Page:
Secondly, let's look at the way in which the restoration was funded. Community Housing Initiatives (CHI) has a few projects each year. We were fortunate that they chose to take on this project. The money spent on it would have been spent somewhere, probably in central or eastern Iowa. Instead, it was spent in Spencer, bringing jobs to town for over a year. As for building new houses, that just wouldn't happen. This project took place because the building qualified for the National Register of Historic Places, making it eligible for historic tax credits. These tax credits are sold to private investors, providing the capital for the project. Because there would have been no historic tax credits available to build new houses, CHI would not have been able to obtain the financing to build them.

CHI is based in Spencer, so it is fitting that they now have a beautiful example of their work that they can show here in town. This is a project of which CHI and the city of Spencer can be proud. It will continue to contribute to the economy of Spencer, not just by providing affordable housing in the heart of Spencer, but by attracting people from out of town. People have already come from all over Iowa to see this project; they will continue to do so. We can expect to see downtown Spencer revitalized as more people live there. They will choose to walk instead of drive, shopping and dining out in our historic business district. The senior center should get a new lease on life, since it will now be easier for people to "drop in" as long as they are already downtown.

Many of these projects that have been making Spencer the envy of other Iowa cities have been funded by outside sources or by local money that is earmarked for them. The Grand Avenue Improvements are one of Spencer's Iowa Great Places projects (as is the Spencer Community Theatre project, which was funded mainly through private funds, with a bequest from the Dvergstens acting as a catalyst). Money for both of those projects has come from Vision Iowa CAT grants. That money was going to be spent somewhere, and why not Spencer! These projects not only bring money into the community, but they create jobs. Without them, further layoffs would be inevitable.

Finally, throwing money at companies such as R. R. Donnelly and Freudenburg/Simrit is not going to keep them in Spencer. We are lucky they stayed as long as they did. When you consider that there is no way to get to Spencer except by private vehicle (car, truck, or private jet), and that we are miles from the closest Interstate highway, it is unlikely that we will be able to attract many high-quality manufacturers or distributors. Freudenburg bought Verco Seals, then outsourced most of those jobs to China or Mexico. Donnelly was also partly a victim of outsourcing and partly to changes in the publishing industry. They were the nation's largest printing company, manufacturing books for many of the countries publishing companies. Many of those publishing companies have cut the number of physical books they publish drastically (in some cases, they have actually stopped publishing any new books), either because of the economic crisis or because readers are switching to electronic books. Some are turning to China for their printing needs in an effort to cut costs.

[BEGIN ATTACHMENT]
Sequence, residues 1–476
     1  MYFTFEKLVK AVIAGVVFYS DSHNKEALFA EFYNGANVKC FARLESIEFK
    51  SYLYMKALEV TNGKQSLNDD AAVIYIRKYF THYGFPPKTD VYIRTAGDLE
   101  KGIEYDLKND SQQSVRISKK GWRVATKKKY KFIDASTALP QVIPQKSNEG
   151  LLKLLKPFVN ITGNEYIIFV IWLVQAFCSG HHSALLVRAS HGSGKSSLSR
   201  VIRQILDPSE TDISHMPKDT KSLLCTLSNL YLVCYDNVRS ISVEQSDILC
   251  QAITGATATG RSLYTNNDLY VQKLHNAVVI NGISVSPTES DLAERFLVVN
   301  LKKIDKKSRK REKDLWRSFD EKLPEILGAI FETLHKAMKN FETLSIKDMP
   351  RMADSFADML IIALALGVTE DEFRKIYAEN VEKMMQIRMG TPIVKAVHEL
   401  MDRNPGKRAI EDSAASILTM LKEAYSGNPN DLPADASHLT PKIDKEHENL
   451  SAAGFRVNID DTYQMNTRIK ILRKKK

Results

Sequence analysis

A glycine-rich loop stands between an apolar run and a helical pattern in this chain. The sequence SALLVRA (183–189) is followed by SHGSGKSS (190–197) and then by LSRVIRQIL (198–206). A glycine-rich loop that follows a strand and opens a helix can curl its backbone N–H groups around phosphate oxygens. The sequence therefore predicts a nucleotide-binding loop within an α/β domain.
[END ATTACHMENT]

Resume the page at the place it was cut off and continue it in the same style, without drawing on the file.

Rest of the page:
So please, all of you who complain every time something good happens in Spencer, familiarize yourselves with the facts before you set fingers to keyboard. And it might help if, instead of complaining, you would get involved and do something to make Spencer an even better place in which to live!

-- Posted by Smalltown Boy on Sat, Jan 16, 2010, at 5:36 AM

If you were worried about saving our environment we shouldn't have wasted our money and time building a new school. Where were you screaming then. Maybe you have not heard, but now we know that global warming is a sham. I suppose you are worried about deforestation too. We now have more trees in the US than when the Pilgrims landed.

Having attended school in that building, I would have felt good having my children attend there. Spencer needs more housing like we need another factory run out of town or new street lights. Last I read it was approximately $200,000/unit for low income housing. That is more than most people who pay their own way spend to house themselves. They put in a Senior Center too. They need to be taught the same lesson, if you can't afford it you can't have it. Some where along the way the people who went through the depression forgot that. They now have this mentality that they should have everything handed to them, wrong!

Tear the building down and put in a park. We need another one of those in town too. Maybe you have not noticed but people are not moving to Spencer because of our beautiful streets, our parks, our culture, our new school. In fact they are leaving Spencer since we made those things a priority. Long lasting real jobs, not these imaginary jobs our idiotic president talks about, are what we need to attract people to our community. Unfortunately the people who we have elected are to focused on people keeping their homes from having cracked paint, RV's in their yard, and other meaningless stuff. Bring in high paying jobs and people can afford to paint their homes.

Let private citizens invest in projects like this. If it were going to be profitable, they would. Don't spend my money on something that is just going to continually cost me money. The only thing government does well is waste money. Kick them all out Republican and Democrat. Hold them accountable for how they spend money and make decisions. Put them on trial at the end of their terms.

-- Posted by DOWNWITHDEMS on Sat, Jan 16, 2010, at 10:58 AM

DOWNWITHDEMS, you keep suggesting we create jobs. How, exactly, do you propose we do this? Do you have any suggestions or are you speaking of the same imaginary jobs Obama is?

-- Posted by notinia on Sat, Jan 16, 2010, at 12:47 PM